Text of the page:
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Did your loved one choose the right executor?

When British Columbia residents create their estate plans, one task is to choose someone to handle the administration of the estate after death. There are some laws regarding who can serve as an executor, but otherwise, the choice belongs to the person creating the will. It should be someone the testator trusts and believes can do the job. It should also be someone who wants to take on the responsibilities. 

Problems could arise if the executor of the will does not live up to the testator's expectations when the time comes. Perhaps the person chosen to serve in this capacity declines to serve after the death. Maybe he or she becomes incapacitated or dies before the individual passes away. In other cases, this happens during the administration of the estate, and someone else must be appointed.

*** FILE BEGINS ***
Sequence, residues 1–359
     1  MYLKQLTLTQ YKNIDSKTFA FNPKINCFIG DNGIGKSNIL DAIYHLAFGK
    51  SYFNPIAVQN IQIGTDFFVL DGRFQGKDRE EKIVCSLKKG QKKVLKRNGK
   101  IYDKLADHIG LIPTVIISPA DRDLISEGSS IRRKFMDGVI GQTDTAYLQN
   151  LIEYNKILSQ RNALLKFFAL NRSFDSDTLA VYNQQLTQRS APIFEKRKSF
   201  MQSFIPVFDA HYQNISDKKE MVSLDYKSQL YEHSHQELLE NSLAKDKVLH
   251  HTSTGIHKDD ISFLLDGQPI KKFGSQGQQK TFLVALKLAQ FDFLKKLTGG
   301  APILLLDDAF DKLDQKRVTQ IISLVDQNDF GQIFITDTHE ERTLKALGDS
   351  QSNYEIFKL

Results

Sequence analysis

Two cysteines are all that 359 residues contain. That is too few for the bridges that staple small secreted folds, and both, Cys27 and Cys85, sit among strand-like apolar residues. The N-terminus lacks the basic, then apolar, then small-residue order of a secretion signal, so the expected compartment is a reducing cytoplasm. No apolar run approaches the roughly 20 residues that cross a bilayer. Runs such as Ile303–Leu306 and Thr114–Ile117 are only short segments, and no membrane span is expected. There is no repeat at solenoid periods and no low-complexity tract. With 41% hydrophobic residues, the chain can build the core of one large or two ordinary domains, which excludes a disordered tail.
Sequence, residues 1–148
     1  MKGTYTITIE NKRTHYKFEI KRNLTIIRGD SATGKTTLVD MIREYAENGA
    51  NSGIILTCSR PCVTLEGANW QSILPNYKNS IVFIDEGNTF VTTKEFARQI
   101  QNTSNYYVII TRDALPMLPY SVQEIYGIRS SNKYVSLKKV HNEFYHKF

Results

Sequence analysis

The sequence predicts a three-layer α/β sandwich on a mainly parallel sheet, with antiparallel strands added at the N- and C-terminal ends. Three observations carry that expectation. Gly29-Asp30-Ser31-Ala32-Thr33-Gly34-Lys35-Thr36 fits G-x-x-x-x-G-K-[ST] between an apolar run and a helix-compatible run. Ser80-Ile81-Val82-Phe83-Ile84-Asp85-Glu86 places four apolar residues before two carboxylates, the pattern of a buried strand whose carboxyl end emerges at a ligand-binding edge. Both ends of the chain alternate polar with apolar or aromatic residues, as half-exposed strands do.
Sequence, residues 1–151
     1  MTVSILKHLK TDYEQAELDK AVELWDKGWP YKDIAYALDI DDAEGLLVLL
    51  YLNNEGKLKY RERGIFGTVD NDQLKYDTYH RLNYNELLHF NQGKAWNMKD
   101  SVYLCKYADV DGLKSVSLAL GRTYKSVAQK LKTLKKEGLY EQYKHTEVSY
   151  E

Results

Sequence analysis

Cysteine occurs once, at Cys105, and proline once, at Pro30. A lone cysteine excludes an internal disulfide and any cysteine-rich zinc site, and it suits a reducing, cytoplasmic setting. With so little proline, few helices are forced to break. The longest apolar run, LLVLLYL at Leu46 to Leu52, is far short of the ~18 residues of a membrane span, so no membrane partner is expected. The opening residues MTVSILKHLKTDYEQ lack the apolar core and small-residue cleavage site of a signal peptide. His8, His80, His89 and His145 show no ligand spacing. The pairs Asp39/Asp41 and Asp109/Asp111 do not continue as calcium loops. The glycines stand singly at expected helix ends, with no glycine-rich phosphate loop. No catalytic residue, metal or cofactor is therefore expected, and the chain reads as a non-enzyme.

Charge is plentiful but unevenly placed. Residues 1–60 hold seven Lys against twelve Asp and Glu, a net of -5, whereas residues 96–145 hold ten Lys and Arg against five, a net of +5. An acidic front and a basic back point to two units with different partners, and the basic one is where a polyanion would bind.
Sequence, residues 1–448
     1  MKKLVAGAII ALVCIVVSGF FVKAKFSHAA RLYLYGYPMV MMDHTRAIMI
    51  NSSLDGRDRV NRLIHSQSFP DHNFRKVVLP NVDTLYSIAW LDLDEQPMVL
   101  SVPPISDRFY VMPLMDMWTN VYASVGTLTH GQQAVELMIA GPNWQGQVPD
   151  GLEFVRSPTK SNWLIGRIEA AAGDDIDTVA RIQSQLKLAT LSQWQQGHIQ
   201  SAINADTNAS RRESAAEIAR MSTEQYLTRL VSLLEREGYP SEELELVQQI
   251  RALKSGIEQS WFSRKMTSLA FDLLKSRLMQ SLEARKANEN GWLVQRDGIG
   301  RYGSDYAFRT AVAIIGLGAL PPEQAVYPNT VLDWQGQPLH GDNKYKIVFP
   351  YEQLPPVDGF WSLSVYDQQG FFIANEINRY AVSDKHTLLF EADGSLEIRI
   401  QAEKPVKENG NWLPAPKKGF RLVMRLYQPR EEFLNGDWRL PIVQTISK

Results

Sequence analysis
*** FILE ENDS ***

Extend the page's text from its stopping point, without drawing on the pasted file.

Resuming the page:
Without a backup plan, such as appointing an alternate executive, the estate could end up in chaos, at least temporarily. It will be necessary for someone, perhaps an heir or beneficiary, to go to the courts to have someone else appointed to take on the duties of executor. This extra time could leave assets unattended, debts unpaid and more.

One of the primary duties of any executor is to protect the estate and the interests of the heirs and beneficiaries while carrying out the wishes of the deceased. Even if a loved one of a deceased British Columbia resident is not the appointed executor, it would be wise to take certain actions as soon as possible. Making sure the person chosen to administer the estate can and will serve in this capacity shortly after the death could avoid unnecessary delays and problems.

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